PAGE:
Sabir Zazai: Everyone Home Collective’s second route map is a bold statement of intent to eradicate destitution in Scotland
The Everyone Home Collective launches its second route map, ‘Scotland’s Ambition to End Destitution and Protect Human Rights’ at Homeless Network Scotland’s ‘Safe As Houses’ conference this week. Sabir Zazai, chief executive of the Scottish Refugee Council, discusses the urgency and spirit of collaboration driving the project.
Destitution and homelessness are such common features of the UK’s asylum system that an awful inevitability has become attached to them. Destitution – a state of extreme poverty in which the person affected is homeless, without an income and has no means to support his or herself – puts people’s lives at risk and is an affront to human dignity. Crucially, we need to remember, it is also almost entirely avoidable.
The new route map from the Everyone Home Collective, endorsed by more than thirty organisations that care about homelessness as well as COSLA and the Scottish Government, is a bold, clear statement of intent to tackle and eradicate destitution in Scotland, calling time forever on any false sense of inevitability and on the damaging fallacy that a person’s right to a safe place to stay should depend upon their immigration status.
At its heart, the route map is about creating a safety net for people living under no recourse to public funds conditions (NRPF) in Scotland. We know from our work that NRPF puts people at risk socially, economically, very much so in terms of health and immediate welfare and exposes people to multiple associated risks including exploitation.
The route map recognises that the stakes have never been higher. In a global health crisis, it’s essential that people have somewhere safe to stay and that people are able to follow government and public health guidance, including being able to self-isolate if needed.
One of the silver linings of COVID, and you have to look for them, is that it has reminded us that our own health and wellbeing is intimately connected to and reliant upon that of other people. None of us are safe when some of us remain exposed and at risk. COVID has helped us understand and reframe homelessness as a health issue and the crisis helped drive the consensus we’ve now reached within the homelessness sector that immigration status should not affect the right to shelter and safety.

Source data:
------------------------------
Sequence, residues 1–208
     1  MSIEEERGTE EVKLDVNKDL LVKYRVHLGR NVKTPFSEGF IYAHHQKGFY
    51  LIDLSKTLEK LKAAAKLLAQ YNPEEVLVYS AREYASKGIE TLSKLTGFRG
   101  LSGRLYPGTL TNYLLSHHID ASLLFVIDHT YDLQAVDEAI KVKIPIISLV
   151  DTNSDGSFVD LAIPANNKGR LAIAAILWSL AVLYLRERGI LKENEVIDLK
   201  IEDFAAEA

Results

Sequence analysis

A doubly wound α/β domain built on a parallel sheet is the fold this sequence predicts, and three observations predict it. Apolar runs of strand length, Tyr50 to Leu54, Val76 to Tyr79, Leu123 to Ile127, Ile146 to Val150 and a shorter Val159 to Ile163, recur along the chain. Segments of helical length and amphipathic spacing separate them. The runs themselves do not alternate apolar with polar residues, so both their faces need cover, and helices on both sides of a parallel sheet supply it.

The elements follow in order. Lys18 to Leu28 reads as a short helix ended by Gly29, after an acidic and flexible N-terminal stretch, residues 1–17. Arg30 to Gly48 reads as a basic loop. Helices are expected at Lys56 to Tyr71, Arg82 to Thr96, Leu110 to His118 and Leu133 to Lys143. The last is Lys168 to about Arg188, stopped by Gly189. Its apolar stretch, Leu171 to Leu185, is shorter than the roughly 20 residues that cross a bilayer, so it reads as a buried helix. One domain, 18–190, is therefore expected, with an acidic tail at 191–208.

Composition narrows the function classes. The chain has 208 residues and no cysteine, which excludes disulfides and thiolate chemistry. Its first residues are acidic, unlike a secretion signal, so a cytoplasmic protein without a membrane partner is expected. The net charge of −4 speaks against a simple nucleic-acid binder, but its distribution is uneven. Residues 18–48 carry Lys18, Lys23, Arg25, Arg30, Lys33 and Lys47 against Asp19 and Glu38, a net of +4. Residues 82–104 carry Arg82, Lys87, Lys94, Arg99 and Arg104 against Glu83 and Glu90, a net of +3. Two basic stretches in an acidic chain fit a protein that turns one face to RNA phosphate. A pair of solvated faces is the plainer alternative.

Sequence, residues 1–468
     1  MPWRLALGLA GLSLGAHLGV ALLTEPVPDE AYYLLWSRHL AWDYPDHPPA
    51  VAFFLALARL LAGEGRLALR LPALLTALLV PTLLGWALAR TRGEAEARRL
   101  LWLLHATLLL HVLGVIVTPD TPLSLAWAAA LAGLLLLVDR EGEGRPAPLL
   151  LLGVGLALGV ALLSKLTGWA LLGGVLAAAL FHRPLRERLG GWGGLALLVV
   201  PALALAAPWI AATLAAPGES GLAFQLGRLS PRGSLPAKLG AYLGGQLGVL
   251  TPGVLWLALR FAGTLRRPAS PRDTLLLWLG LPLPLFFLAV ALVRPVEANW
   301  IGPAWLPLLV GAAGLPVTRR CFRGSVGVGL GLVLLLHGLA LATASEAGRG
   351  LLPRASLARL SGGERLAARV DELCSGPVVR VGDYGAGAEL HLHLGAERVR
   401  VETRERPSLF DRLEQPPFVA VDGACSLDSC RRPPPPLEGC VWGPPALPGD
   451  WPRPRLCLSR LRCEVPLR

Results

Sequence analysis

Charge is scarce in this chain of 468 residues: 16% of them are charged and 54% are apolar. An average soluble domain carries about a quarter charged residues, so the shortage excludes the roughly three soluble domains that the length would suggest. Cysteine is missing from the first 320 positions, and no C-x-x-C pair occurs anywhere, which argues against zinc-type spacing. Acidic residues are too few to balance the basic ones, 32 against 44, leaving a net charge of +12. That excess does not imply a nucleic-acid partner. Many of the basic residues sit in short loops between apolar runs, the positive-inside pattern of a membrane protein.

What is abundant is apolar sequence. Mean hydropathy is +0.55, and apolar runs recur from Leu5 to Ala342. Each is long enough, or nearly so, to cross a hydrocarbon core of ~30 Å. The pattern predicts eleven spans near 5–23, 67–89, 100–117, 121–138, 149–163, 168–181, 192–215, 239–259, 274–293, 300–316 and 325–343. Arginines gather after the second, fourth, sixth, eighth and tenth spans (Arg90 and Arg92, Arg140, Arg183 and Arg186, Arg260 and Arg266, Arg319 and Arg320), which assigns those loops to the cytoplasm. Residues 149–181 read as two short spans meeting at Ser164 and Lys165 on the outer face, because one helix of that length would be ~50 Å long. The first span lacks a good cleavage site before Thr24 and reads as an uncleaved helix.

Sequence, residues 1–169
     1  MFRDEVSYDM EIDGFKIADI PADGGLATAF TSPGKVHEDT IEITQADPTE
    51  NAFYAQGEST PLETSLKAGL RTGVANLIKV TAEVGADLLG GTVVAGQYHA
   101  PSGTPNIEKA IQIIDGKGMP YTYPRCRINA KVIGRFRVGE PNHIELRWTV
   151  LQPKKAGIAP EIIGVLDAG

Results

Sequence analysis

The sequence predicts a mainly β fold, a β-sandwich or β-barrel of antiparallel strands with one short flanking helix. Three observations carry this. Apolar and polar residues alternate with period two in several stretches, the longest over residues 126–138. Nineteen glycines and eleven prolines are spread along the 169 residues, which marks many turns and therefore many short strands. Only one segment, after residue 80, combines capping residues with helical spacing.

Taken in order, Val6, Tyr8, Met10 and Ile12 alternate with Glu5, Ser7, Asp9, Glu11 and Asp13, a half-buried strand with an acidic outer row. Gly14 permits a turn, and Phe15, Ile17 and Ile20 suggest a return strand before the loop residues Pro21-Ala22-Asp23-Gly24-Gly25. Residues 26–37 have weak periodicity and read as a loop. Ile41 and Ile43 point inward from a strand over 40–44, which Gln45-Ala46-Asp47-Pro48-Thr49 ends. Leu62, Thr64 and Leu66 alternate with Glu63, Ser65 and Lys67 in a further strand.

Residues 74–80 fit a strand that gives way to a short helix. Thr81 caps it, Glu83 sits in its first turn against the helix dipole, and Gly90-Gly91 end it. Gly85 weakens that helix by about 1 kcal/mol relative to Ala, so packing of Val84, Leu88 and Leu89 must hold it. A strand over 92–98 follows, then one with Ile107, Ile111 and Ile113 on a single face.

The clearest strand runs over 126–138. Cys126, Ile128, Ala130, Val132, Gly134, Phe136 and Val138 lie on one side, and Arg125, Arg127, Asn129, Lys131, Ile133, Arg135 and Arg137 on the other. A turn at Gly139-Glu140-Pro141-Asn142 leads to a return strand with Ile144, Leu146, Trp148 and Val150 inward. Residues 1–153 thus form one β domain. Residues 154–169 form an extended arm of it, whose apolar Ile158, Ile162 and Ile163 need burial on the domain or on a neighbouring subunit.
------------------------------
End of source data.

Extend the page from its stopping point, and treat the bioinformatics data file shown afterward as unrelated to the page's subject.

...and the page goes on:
So it is incredibly positive to see asylum included in mainstream homelessness work and to hear the sector speak with one voice on this. But it’s important to remember that destitution and NRPF is not exclusively an asylum issue and that NRPF doesn’t simply mean undocumented. People from a broad range of backgrounds can be subject to NRPF conditions, including EU citizens not actively exercising treaty rights and others whose leave to remain is linked to the right to work. And once again, COVID is exacerbating problems here, with unemployment rising, jobs becoming increasingly precarious and people unable to return home to other countries due to travel restrictions. All conditions leaving people at imminent risk of destitution.
The route map sets out three key strategies to keep people safe.
- Making sure everyone has a safe place to stay, appropriate support and advice and that no one is evicted into homelessness.
- Building and maintaining collaboration between public, third and academic sectors.
- Developing a medium to long term partnership with Scottish funding bodies.
Working collaboratively towards these goals is a huge step towards eradicating destitution in Scotland and keeping people safe. We at Scottish Refugee Council are proud to be part of this work for positive, essential and much needed change. If we follow the route map it will guide us all to a better place.
To book a place at the ‘Safe As Houses’ conference for Wednesday or Thursday this week visit the Homeless Network Scotland website here. The Route Map will be launched Thursday’s morning as part of the SAME STORM, DIFFERENT BOAT theme – join in on Twitter #SafeAsHouses